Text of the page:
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manpreet2000
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(Original post by bluebeetle)
Some general advice:

- don't overload on equipment in advance. The three things I would say are important to have ready for Day One are a notebook (for observation notes, meeting notes, etc.), a planner (for keeping track of your day), and a good pen (those four colour pens are good, so you can use it to mark as well). Obviously, a large enough planner can double as a notebook, but I found it easier to keep these things separate

- make sure you have comfortable professional clothing. You'll be on your feet a lot, so invest in good shoes

- do some reading if you're really keen to prepare - your SCITT may have some recommended reading for the PGCE element of the course. But this isn't necessary!

- brush up on subject knowledge. Doesn't need to be anything too intense, maybe just look at a couple of exam papers for your subject / SATs papers if you're primary, make sure you can do most of it. Once again, not necessary at all, but it may help you feel more prepared going in.

In response to your two questions, I wouldn't recommend planning lessons over the summer. You don't know what you'll be teaching, so it's unlikely you'll use them, and even if the topics do end up being relevant, you'll definitely be better equipped to plan a decent lesson after having started the course. I also wouldn't recommend buying stamps - different schools have different marking policies, and some departments may already have stamps that you can use.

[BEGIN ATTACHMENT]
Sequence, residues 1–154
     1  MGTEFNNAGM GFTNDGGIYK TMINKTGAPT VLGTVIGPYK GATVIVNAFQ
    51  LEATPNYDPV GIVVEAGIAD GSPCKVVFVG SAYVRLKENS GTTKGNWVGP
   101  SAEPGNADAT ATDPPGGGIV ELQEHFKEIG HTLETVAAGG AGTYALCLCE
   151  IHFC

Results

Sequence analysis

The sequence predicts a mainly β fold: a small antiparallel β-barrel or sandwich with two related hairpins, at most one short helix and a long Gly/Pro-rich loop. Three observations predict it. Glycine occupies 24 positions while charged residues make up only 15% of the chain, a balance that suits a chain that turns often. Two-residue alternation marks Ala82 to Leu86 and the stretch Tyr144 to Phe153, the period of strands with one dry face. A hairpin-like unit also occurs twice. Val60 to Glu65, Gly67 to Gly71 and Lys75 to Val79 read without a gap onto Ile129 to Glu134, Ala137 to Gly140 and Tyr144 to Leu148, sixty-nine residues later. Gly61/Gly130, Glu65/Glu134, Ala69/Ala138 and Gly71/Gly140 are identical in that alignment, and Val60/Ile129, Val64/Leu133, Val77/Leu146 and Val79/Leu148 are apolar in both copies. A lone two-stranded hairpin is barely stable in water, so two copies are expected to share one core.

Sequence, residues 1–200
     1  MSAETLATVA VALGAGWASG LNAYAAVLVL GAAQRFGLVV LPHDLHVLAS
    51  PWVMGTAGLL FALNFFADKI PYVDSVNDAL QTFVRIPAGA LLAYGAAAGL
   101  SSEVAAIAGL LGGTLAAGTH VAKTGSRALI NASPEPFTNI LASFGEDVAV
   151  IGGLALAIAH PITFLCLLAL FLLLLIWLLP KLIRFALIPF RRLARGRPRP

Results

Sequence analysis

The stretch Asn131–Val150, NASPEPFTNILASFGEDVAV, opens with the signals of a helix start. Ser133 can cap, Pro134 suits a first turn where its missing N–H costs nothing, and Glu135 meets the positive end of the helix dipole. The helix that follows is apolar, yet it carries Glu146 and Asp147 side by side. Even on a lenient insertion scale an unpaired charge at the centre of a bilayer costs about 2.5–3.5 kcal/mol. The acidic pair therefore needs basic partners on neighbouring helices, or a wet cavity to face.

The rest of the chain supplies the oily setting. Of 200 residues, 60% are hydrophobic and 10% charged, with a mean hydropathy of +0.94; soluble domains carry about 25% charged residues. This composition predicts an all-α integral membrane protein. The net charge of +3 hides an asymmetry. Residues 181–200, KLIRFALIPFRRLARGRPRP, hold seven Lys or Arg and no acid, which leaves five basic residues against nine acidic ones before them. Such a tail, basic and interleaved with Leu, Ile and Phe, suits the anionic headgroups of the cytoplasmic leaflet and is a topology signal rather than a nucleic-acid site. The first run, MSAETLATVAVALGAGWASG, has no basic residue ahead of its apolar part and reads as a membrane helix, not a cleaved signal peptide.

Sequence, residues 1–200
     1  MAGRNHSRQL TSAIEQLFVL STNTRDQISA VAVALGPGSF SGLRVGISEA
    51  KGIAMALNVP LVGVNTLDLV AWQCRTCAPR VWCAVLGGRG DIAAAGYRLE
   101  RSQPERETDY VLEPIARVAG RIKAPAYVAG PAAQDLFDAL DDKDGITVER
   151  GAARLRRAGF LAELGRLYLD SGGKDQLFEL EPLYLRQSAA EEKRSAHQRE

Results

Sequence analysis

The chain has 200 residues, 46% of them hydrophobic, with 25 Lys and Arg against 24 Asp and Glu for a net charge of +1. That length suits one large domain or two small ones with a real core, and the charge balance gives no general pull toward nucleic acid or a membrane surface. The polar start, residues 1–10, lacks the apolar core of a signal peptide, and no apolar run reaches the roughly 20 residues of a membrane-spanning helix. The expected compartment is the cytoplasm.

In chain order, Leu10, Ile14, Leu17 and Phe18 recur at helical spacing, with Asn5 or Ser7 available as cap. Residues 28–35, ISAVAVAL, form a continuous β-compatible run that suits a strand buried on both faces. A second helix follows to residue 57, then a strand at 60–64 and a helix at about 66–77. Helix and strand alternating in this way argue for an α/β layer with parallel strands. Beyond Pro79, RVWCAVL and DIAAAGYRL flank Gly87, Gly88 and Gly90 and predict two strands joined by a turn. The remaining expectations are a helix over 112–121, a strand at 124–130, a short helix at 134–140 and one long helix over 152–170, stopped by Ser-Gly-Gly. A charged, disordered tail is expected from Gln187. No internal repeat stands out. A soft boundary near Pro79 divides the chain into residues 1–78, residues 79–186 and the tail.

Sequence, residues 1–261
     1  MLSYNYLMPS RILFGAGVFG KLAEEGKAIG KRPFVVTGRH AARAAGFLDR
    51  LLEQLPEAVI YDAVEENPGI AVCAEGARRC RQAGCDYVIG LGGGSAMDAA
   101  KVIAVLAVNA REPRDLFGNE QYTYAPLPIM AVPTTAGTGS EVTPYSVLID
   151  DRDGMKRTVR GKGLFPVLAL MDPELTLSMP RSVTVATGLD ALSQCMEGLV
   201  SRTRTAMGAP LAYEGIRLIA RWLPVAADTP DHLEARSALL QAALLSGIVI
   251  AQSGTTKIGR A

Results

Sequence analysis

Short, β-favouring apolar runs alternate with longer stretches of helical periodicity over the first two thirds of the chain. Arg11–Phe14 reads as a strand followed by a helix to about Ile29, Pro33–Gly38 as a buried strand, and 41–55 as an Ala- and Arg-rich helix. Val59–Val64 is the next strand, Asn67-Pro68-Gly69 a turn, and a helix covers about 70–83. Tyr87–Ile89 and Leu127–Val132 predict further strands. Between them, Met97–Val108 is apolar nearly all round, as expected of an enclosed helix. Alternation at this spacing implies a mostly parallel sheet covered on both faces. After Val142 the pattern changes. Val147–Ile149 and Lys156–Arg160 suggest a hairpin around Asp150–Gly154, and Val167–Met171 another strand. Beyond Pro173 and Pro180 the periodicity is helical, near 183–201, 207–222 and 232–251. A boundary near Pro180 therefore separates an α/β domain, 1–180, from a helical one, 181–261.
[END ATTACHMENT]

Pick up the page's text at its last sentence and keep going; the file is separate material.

Honestly, it's not something you need to do too much preparation for! You won't be teaching from the first day, and so you will have time during the course to prepare for your first lesson. Better to hold off on buying anything / preparing too much until you've actually been there for a few days at the very least.